48 Pages Posted: 15 May 2010 Last revised: 28 Jul 2010
Date Written: April 1, 2010
What is “financial innovation” and why should we care about it? This question has become increasingly important in the wake of the recent financial crisis, yet the nature of financial innovation remains poorly understood. Drawing on the “New Institutional Economics” literature, this Article contends that financial innovation should be understood first and foremost as a process of change, a change in the type and variety of available financial products to be sure, but also a change in financial intermediaries (such as banks) and in markets themselves. It argues that this reframing has important policy implications for the economics of regulating the financial innovation process and for understanding the dynamics of modern financial markets in general. As an illustration of these ideas, the Article undertakes a critical analysis of a current policy proposal: the requirement that banks that deal in over-the-counter derivatives transfer the management of certain risks associated with these instruments to a highly regulated third-party called a centralized clearing party. The Article argues that this proposal is properly viewed as an attempt to regulate the process of financial innovation itself and that, when viewed in this light, the proposal is neither as modest nor as obviously superior to the status quo as its proponents claim. Finally, the Article sketches two alternatives to the proposed rule that seek to navigate the trade-offs of what the Article refers to as the “new” economics of financial regulation.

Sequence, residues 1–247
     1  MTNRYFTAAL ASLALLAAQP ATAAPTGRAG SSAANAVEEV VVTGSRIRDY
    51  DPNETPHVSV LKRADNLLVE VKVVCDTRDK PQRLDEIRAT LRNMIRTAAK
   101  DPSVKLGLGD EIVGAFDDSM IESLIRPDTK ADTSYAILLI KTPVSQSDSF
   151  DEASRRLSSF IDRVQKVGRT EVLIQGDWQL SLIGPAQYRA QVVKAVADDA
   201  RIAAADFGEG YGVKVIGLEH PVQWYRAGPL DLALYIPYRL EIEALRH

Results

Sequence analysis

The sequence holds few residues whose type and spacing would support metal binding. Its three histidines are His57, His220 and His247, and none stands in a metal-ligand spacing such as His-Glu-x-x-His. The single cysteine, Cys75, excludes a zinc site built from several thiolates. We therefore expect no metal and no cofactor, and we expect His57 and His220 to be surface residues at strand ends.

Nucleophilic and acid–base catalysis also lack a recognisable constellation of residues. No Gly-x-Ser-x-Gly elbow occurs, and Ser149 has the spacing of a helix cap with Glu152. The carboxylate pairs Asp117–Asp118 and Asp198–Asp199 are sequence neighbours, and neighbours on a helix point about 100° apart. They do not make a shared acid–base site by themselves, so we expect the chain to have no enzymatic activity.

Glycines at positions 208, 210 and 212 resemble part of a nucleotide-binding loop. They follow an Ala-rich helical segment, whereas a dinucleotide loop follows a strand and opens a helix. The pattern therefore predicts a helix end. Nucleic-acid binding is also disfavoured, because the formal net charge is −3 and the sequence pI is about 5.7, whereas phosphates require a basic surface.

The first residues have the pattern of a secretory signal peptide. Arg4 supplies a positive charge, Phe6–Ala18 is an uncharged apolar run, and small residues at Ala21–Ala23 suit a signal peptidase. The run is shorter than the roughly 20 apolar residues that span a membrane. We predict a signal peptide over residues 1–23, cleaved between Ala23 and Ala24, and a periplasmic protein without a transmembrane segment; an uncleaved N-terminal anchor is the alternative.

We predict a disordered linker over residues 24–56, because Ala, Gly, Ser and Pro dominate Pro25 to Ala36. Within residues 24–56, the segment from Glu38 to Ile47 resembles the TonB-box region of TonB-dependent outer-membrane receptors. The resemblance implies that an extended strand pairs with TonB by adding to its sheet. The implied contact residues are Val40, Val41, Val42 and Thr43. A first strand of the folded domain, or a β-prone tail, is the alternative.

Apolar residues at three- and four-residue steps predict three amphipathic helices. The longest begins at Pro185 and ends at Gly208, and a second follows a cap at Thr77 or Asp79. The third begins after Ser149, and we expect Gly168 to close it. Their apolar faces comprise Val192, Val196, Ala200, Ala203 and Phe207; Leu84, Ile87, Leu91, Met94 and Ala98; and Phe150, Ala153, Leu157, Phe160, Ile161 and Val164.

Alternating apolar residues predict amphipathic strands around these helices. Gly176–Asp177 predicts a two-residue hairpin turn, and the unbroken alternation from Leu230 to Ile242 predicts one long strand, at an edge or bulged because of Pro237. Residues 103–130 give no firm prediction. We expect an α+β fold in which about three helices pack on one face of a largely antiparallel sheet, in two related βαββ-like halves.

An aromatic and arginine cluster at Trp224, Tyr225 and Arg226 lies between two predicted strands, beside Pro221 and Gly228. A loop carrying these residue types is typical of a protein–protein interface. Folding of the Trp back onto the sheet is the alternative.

Keywords: Financial Innovation, OTC Derivatives, Clearinghouse, New Institutional Economics, Financial Regulation, Financial Crisis
Suggested Citation: Suggested Citation
Gubler, Zachary James, Regulating the Financial Innovation Process: Theory and Application (April 1, 2010). Delaware Journal of Corporate Law, Forthcoming. Available at SSRN: https://ssrn.com/abstract=1608409